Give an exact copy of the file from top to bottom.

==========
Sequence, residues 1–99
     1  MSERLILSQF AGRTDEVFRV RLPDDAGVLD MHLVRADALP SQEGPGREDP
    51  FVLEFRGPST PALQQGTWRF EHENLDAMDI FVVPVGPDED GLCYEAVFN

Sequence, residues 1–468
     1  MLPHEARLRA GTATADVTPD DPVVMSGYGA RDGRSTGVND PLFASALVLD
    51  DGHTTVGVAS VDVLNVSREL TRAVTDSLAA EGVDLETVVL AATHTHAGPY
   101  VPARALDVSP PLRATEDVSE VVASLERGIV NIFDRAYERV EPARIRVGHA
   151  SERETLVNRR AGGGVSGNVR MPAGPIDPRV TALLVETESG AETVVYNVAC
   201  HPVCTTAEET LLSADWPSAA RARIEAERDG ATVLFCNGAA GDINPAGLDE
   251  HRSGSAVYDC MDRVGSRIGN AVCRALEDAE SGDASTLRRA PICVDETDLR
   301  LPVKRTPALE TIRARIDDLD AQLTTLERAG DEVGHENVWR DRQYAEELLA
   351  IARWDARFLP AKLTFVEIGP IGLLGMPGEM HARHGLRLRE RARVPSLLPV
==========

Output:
Sequence, residues 1–99
     1  MSERLILSQF AGRTDEVFRV RLPDDAGVLD MHLVRADALP SQEGPGREDP
    51  FVLEFRGPST PALQQGTWRF EHENLDAMDI FVVPVGPDED GLCYEAVFN

Sequence, residues 1–468
     1  MLPHEARLRA GTATADVTPD DPVVMSGYGA RDGRSTGVND PLFASALVLD
    51  DGHTTVGVAS VDVLNVSREL TRAVTDSLAA EGVDLETVVL AATHTHAGPY
   101  VPARALDVSP PLRATEDVSE VVASLERGIV NIFDRAYERV EPARIRVGHA
   151  SERETLVNRR AGGGVSGNVR MPAGPIDPRV TALLVETESG AETVVYNVAC
   201  HPVCTTAEET LLSADWPSAA RARIEAERDG ATVLFCNGAA GDINPAGLDE
   251  HRSGSAVYDC MDRVGSRIGN AVCRALEDAE SGDASTLRRA PICVDETDLR
   301  LPVKRTPALE TIRARIDDLD AQLTTLERAG DEVGHENVWR DRQYAEELLA
   351  IARWDARFLP AKLTFVEIGP IGLLGMPGEM HARHGLRLRE RARVPSLLPV